ARM Not Afraid of Intel's 22nm/Tri-Gate Process Technology - Company

ARM Expects Its Architecture to Continue Being More Energy-Efficient Than x86

by Anton Shilov
05/11/2011 | 11:32 AM

ARM Holdings said that despite of the fact that Intel Corp.'s recently announced 22nm process technologies with tri-gate transistors has a massive number of improvements in terms of energy-efficiency, system-on-chips powered by ARM's architecture will still be competitive. According to ARM, thanks to the fact that the architecture is supported by tens of companies, the innovations and efficiencies will come from different sources.


"This announcement is consistent with Intel's history of innovation through process improvements. The ARM ecosystem innovates along multiple points, not only the process but also through micro?architecture and system?on?chip design that enables optimised efficiency for a broad range of products," said Ian Drew, executive vice president of marketing at ARM, in an interview with The Inquirer web-site.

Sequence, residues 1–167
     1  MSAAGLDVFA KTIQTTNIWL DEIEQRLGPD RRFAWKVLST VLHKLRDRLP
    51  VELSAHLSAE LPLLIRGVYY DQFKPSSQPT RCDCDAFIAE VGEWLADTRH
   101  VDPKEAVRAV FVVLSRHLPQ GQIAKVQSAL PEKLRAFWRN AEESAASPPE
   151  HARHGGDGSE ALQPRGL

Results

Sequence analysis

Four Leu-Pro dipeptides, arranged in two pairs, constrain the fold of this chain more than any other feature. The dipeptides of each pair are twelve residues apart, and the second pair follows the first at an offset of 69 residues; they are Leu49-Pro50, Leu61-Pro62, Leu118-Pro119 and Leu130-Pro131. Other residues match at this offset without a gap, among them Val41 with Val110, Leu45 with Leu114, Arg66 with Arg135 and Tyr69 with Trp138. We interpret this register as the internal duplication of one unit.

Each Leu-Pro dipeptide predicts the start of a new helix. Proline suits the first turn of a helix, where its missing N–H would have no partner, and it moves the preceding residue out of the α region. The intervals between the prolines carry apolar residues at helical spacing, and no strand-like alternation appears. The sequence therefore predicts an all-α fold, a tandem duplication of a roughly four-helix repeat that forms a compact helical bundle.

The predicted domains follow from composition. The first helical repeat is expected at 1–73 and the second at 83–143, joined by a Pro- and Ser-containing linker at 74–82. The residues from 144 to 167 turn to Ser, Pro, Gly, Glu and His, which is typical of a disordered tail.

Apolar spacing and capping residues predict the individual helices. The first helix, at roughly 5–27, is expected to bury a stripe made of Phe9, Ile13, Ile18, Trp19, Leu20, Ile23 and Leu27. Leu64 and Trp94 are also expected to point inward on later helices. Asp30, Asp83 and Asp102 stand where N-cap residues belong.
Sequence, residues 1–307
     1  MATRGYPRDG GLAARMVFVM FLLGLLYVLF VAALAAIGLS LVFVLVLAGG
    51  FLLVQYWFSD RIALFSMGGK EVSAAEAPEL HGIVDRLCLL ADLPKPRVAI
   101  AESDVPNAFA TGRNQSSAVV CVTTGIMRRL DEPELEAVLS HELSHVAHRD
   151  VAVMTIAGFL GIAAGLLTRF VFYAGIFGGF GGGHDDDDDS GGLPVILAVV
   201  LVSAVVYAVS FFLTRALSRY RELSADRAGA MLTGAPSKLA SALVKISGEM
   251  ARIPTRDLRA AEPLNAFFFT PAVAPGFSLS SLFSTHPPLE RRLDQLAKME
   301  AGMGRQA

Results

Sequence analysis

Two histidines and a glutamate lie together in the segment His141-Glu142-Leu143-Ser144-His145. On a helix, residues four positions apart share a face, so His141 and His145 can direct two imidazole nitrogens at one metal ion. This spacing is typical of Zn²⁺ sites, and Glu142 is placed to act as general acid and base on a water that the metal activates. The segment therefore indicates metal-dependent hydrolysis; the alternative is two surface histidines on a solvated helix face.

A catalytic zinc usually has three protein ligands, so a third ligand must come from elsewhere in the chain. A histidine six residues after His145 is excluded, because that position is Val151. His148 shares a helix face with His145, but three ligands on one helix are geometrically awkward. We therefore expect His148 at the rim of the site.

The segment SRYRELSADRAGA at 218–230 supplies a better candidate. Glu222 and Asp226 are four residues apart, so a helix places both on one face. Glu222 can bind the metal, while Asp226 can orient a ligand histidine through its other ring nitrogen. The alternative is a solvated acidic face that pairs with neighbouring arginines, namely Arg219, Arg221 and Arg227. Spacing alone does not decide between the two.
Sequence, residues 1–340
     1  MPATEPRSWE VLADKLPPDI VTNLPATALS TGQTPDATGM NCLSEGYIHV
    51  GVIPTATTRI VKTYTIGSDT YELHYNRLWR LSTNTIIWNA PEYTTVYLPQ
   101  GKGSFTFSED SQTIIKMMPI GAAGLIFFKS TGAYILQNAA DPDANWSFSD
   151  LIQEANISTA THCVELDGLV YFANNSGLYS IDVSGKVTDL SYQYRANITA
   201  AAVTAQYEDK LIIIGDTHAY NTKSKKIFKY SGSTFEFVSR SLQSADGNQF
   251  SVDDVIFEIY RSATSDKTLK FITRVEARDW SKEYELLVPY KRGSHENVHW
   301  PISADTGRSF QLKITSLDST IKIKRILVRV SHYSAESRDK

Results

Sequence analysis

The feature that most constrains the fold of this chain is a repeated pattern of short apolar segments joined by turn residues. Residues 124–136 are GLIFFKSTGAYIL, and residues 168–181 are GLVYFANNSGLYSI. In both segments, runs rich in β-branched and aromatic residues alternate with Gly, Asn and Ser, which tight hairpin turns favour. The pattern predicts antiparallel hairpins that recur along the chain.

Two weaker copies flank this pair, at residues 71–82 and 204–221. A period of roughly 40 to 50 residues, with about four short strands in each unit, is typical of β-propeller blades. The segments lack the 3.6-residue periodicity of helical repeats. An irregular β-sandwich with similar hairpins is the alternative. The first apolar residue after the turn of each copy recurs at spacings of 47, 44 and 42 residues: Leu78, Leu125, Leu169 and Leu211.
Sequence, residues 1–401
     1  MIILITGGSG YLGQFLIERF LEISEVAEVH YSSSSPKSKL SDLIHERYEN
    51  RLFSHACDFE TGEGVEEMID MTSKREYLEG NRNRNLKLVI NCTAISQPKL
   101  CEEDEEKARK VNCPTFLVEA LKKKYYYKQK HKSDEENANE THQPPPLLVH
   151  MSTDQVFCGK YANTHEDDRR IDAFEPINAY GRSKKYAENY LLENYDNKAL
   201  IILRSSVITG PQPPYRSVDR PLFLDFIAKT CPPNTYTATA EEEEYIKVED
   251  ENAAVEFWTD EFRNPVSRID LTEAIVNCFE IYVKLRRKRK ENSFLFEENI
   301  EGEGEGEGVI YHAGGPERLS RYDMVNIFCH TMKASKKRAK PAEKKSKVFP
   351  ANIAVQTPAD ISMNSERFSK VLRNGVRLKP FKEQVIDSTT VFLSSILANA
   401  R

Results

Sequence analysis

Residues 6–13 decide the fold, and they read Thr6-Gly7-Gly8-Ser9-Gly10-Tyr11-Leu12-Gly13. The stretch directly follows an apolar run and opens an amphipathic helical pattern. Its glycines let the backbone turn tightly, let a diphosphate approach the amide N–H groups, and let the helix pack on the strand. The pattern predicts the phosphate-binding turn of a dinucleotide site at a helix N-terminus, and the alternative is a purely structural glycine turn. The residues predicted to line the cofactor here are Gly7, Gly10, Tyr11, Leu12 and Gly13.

According to Intel itself, the 22nm process technology with tri-gate transistors provide up to 37% performance increase at low voltage versus Intel's 32nm planar transistors, and over 50% reduction of power consumption with similar performance. Some analysts further estimate that 22nm/tri-gate process tech provides performance/watt advantage of 10%-20% for power optimized chips versus a planar 22nm process. Given the fact that even today's processors from Intel provide significantly higher raw performance compared to ARM-based offerings, there are a lot of things for the British technology designer to worry about.

But the developer of low-power microprocessor technologies that power the vast majority of handsets that are sold today believes that its strength lies in its partner ecosystem, something that will take Intel a much longer time to build. Besides, the company claims that its partners are already working on SoCs to be made using 20nm and 22nm fabrication processes, which ensures that power consumption of ARM-powered system-on-chip devices will also decrease gradually even without technology breakthroughs like 22nm/tri-gate process technologies.

"We are confident that this will allow us to compete at a consistently high level within the industry," added Mr. Drew.